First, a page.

Click to read the article in Turkish
25th İstanbul LGBTI+ Pride Week has taken start with the “#AramızdeNeVar” theme.
On the first day of the week, the court has ordered acquittal of the 11 activists who were detained on charge of “Opposing to Law on Demonstrations and Rallies” in last year’s Pride Parade.
The week that will host many free activities including panels, forums, workshops and theater plays will be organized on June 25 and will end with 15th İstanbul LGBTI Pride Parade.
Click for the program of 25th İstanbul LGBTI+ Pride Week
The Pride Week Committee explains the theme as follows:
Turkish Language Association defines “distance” as “the farness that separates two things”. But does distance only separate things, aren’t there any examples in which it brings things together? The loves that we hold on so dearly, our hands, our touch and our longing for each other are lined up through that distance. The power that we get from sharing, standing in solitude, being together despite all things seeming hopeless and desperate stands there. Our courage to own the words used for hurting us, the greatest proof that we still stand, and our joy and laughter echoing in the most remote parts of the city are also there. There are our bodies tall, short, fat, thin, in various shapes, various images, various tastes which we sometimes cannot define, sometimes transcends all the definitions there are yet which breath, orgasm, walk, live, exist. We are that “distance”, we share that “distance”.
In that “distance” we have been subjected the same oppressions as well. First, there is the government trying to take down our associations and, for the last two years, attacking our march. In the distance between us and the government, there is the sexist, patriarchal law which refrains from catching the murderers of Hande Kader and Ahmet Yıldız. In the distance between us and the city there are the power which incarcerates us into ghettos and which shapes the city, the gentrification which takes our homes and neighborhoods away from us; and in the distance between us and the streets there are some paramilitary groups who summons an attack onto our marches and are supported openly by the government and the unfair law.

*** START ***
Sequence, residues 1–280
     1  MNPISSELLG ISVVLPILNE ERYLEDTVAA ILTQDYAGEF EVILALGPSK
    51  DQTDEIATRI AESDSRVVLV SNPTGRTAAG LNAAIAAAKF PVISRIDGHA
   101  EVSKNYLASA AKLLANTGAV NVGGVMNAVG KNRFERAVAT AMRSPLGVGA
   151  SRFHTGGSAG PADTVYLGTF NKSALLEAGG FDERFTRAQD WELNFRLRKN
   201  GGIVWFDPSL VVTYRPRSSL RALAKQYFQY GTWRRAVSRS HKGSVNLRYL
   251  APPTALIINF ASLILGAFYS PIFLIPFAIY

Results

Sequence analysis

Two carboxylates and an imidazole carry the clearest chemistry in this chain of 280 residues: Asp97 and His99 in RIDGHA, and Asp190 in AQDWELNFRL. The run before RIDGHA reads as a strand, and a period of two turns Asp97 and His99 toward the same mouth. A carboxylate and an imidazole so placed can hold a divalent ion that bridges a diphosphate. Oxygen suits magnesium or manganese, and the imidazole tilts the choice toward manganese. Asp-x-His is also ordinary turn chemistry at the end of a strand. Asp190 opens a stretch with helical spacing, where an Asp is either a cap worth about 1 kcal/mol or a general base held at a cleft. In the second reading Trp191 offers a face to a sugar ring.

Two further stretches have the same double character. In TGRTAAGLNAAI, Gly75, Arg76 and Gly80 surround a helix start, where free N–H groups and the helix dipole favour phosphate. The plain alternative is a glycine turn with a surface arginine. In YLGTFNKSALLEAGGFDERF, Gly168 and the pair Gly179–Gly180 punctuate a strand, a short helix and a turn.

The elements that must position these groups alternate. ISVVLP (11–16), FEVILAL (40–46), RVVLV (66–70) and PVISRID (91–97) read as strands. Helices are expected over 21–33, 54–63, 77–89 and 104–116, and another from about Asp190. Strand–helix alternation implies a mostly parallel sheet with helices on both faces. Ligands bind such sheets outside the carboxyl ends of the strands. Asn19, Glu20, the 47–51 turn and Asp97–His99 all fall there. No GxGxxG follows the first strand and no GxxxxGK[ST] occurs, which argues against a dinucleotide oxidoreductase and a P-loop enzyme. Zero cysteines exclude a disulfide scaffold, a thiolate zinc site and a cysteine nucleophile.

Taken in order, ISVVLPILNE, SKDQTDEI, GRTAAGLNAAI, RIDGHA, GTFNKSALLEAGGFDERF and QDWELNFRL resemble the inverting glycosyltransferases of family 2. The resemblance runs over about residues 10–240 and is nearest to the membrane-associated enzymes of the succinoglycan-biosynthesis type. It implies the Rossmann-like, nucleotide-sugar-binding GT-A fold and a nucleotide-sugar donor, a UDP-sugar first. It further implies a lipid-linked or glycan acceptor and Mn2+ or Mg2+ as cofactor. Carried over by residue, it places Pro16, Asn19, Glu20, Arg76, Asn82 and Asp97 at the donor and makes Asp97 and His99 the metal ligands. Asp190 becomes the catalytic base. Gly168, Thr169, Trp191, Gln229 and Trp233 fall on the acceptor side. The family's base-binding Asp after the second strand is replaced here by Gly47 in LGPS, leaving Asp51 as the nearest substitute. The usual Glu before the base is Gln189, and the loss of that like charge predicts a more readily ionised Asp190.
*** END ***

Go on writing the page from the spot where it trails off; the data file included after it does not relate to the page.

On top of that, there is a giant polarization which leads the people to intolerance, ostricising the one who is not like the majority. This culture is now so deeply rooted, so strong, so well-established that it sneaks its way even into our circles of solidarity, affects our combat spaces. What is in that distance between us that divides, separates, angers us so much?
In such an age where solidarity is essential more than ever before, we think we should discuss the things that divide us and bring us together. In spite of all the oppression that we faced, there are gorgeous things in that distance which helps us exist in this city, this country, this society. To resist the despair that we live in and the inertia that we drift into, we suggest to hold onto each other.
About İstanbul Pride Parade
Being organized for the first time in 1993 under the name of “Sexual Freedom”, the week, its events and Pride Parade were banned by the governorship; activists were detained and the guest from abroad were deported. The pride week has confronted prohibitions in the later years as well but events have continued to be organized.
First İstanbul Pride Parade was held in 2003, which is 10 years after when the Pride Week started to be organized. The first parade held with 20-30 people has grown in time. In 2013, as many as 100,000 people joined the march on İstiklal Street.
In 2015 and 2016, the Pride Parades met with police interventions. However, being persistent, the LGBTI+ movement “dispersed” to first whole İstiklal Street and then to various places in İstanbul. (ÇT/TK)
* What is between us
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